Finding Gravity


Ever watching
protocol, procedure, posture
(like the fair lady ‘liza),
there’s no way in
the in crowd
and no way
to guarantee

is the only answer
that echoes
through the empty skull
no matter,
she keeps knocking
her head
against the door.

to march
to your own drum
(they say),
a chill is all she gets.

The moon cries
second fiddle
(the cat’s on top)
to Sol,
around whom everyone revolves.

To be
always the passenger,
dragged along,
reflecting days gone by,
is a place of

she has a singular name,
engraved on the palms of a promise.
If she dares
to train her eyes
on the hands of the master
at the core of the charming quark,
she’ll find her gravity.



No popping machine guns.
No ear-splitting bombs.

A microscopic,
completely silent

Would that this threat
might unite us
in a common fight.

But we spend our days
about masks.

To Weigh Us Down


He walked with rocks
in his pockets
to keep his feet
firmly on Terra.

But last Tuesday
he forgot
(like so much negative mass)
by the time he’d touched
cumulus nimbus
he’d reached escape velocity.

We hope to catch him
on Hubble highlights
next Friday.



A wee bit of silliness.  (Although we all know someone with their head in the clouds!)

Fifty Years Ago


Fifty years ago
youth was eternal.
Gramma moaned about sore joints,
said “To hell with calories”
and napped whenever and wherever she’d please.

I caught her reflection
in the bathroom mirror.

Today the grocery clerk asked
if I am a pensioner.

I’m eating chocolate and sleeping in.


They say time flies when you’re having fun.

Changing Season

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How hastily
tumbling through days
(filled with cold cider, salty chips and cheery chatter),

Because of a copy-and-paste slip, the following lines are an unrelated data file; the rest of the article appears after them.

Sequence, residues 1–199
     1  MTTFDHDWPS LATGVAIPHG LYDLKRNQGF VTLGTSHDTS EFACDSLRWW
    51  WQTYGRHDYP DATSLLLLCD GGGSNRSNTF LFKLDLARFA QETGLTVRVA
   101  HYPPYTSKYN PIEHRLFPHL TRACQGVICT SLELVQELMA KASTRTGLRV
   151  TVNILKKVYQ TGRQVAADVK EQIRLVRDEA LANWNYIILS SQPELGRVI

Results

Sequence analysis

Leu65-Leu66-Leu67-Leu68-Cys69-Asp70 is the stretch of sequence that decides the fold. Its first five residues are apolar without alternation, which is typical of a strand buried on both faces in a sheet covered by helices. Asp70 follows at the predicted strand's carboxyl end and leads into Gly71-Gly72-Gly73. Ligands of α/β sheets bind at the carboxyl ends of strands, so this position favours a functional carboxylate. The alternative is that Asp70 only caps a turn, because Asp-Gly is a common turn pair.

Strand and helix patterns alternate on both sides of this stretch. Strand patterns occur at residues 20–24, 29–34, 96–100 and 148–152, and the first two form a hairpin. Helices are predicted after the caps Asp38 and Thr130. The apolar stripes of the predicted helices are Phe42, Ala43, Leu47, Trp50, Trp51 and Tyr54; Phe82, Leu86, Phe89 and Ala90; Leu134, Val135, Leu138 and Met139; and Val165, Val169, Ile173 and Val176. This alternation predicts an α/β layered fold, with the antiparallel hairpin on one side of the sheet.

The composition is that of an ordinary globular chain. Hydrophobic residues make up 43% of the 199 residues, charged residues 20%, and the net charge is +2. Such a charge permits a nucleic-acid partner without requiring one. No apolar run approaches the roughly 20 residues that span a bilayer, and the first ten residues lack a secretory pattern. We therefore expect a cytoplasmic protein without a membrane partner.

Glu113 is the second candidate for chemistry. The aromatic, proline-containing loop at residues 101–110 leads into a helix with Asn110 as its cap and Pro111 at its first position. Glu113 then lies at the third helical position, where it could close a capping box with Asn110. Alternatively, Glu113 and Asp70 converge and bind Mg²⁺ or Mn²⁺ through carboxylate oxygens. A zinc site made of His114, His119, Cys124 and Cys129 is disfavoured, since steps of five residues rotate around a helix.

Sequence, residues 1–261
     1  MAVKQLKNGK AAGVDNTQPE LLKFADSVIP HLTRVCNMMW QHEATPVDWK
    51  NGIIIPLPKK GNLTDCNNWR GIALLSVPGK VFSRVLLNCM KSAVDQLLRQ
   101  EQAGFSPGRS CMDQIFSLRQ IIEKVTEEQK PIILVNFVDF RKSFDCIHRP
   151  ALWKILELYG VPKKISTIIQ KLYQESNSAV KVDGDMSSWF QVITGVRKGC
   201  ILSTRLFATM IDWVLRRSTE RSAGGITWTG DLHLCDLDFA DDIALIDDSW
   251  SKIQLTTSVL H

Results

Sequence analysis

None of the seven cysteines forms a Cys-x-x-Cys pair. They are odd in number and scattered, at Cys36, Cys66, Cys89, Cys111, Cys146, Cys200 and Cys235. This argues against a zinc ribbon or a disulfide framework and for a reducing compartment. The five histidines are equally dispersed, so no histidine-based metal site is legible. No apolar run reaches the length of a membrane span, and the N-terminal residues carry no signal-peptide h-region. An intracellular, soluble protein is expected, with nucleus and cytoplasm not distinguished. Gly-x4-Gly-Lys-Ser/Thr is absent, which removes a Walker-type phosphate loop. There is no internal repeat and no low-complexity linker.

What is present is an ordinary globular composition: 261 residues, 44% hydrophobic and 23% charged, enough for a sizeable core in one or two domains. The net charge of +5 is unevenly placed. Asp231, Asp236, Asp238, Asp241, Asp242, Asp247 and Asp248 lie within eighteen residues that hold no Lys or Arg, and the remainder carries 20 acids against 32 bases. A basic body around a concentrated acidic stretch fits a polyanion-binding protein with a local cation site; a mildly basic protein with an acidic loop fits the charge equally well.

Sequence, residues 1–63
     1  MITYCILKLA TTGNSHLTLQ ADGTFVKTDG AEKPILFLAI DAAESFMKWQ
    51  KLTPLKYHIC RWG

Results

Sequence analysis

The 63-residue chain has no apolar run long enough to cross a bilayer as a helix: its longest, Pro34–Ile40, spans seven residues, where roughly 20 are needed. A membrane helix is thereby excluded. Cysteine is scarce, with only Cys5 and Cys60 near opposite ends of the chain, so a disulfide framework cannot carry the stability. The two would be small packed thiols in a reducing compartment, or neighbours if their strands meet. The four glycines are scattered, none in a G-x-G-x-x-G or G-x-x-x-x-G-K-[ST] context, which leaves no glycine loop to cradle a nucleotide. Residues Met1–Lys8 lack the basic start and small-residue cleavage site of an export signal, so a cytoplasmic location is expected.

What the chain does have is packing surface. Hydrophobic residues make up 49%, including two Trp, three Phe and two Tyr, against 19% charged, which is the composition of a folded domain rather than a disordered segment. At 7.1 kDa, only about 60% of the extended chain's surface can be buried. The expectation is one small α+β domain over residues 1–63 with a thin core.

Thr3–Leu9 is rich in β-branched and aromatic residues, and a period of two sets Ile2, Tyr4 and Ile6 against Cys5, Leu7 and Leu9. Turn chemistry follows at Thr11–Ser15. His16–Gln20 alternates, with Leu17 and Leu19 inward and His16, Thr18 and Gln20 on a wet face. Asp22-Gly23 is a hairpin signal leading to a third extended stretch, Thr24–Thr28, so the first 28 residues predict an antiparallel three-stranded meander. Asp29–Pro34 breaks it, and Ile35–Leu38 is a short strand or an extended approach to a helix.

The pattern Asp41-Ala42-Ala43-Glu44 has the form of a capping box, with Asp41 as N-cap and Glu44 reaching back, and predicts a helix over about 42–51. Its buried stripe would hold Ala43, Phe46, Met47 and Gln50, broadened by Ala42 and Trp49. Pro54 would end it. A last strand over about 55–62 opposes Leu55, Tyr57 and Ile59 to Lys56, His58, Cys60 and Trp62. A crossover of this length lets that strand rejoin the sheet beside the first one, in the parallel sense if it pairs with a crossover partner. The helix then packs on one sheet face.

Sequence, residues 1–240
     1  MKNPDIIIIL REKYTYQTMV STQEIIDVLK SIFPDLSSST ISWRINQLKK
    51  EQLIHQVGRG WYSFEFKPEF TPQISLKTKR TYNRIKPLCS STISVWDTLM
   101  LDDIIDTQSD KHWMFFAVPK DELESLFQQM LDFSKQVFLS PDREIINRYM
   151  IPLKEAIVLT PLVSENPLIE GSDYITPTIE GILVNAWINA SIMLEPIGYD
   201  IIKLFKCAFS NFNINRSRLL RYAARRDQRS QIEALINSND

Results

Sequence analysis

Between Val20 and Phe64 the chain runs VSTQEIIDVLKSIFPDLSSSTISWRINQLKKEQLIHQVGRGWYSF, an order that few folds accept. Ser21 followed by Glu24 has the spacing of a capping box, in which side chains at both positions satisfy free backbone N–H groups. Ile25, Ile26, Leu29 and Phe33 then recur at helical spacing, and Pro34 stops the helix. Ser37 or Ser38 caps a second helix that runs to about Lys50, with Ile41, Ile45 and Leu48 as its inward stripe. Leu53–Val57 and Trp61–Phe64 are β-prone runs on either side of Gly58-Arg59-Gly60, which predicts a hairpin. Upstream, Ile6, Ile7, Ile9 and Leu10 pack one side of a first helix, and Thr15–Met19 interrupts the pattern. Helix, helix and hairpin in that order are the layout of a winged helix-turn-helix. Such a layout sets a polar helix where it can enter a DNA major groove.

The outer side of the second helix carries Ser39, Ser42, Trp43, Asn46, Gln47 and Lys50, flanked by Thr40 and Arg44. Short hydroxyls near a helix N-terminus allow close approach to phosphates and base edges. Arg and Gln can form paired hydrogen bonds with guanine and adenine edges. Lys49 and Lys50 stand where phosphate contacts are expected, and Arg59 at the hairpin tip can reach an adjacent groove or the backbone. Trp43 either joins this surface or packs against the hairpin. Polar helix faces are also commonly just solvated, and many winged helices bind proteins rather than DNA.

leaves us.

Seems but yesterday
we bemoaned the onslaught
of heat and biters
while praising the scent of rain.

Now he leisurely packs his bags,
clothed in a beguiling smile,
preparing to go.

Forgive us our impatient rants
and know this:
we only miss you
when you’re gone.




romping words tumble and giggle

and fill the atmosphere with wonder

and weightless joy;

everything sings

and the chorus is easy to join.


Other times

(like now

and yesterday

and yesterday’s yesterday)

a dry brittleness permeates

even the bones

and breath is heavy as lead.



there is a beauty

in the blunt, black fingers of the dead giraffe thorn

that claw at the cold grey heavens.

There is sanctuary

in the still vastness of winter veld.

Though the sky is rigid

and the ground impenetrable,

there is quiet life

in the space between

earth and firmament.


There, in poverty, I discover my heart

and hold the hand of God.

Time Out



when heaven is closed for lunch,

I find Jesus

sitting on the curb next to me

asking if I want half of his sandwich.

In All Circumstances

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Each day a remapping of facial contours,

shifting sands, creeping moss.

I must learn anew this terrain

which once seemed so familiar.

But with little to grasp

I find myself a spectator

waiting for the evening train,

learning to be content

in all circumstances.

In My Father’s House


When I leave
do not speak of me
in the past tense;
do not offer saintly eulogies.

I was here,
but a daisy in Namaqua season,
face to the sun,
partaking in offered grace.

Tell rather of the one
for whom the heavens sing
and remember me
in my father’s house.

An Old Man Named Michael Finnegan

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Like Mike learned
(mostly the hard way)
(according to Perl)
persistence will eventually pay off.

John tried to explain to Mike
that everything will be okay in the end,
and if it’s not okay,  then it’s not the end.
But Mike just wanted to get to that conclusion.

Fred said there is eternal recurrence
which made Mike scratch his head
until Tom explained
that life is a circle
(Pooh and Piglet
going round and round the spinney
after Woozles).
Gilbert said that is sheer nonsense.
and described concrete beginnings
with well-defined ends
(Chris was in the branches
and brought the hunt to an end).

Mike said he was getting tired
and just wanted to go to bed.
“Exactly!” said Elwyn
(not sure just how
he’d been pulled into the discussion).
“End the day now
and tomorrow
you will
begin again.”


PAD 30 in November

For today’s prompt, write a “the end” poem.  You can reach the end of a book, journey, or conversation. 

Beginnings and endings.  Within this little piece are the philosophies of Lennon, Nietzche, Mann, Chesterton and White.  A little nonsense for the end of November.

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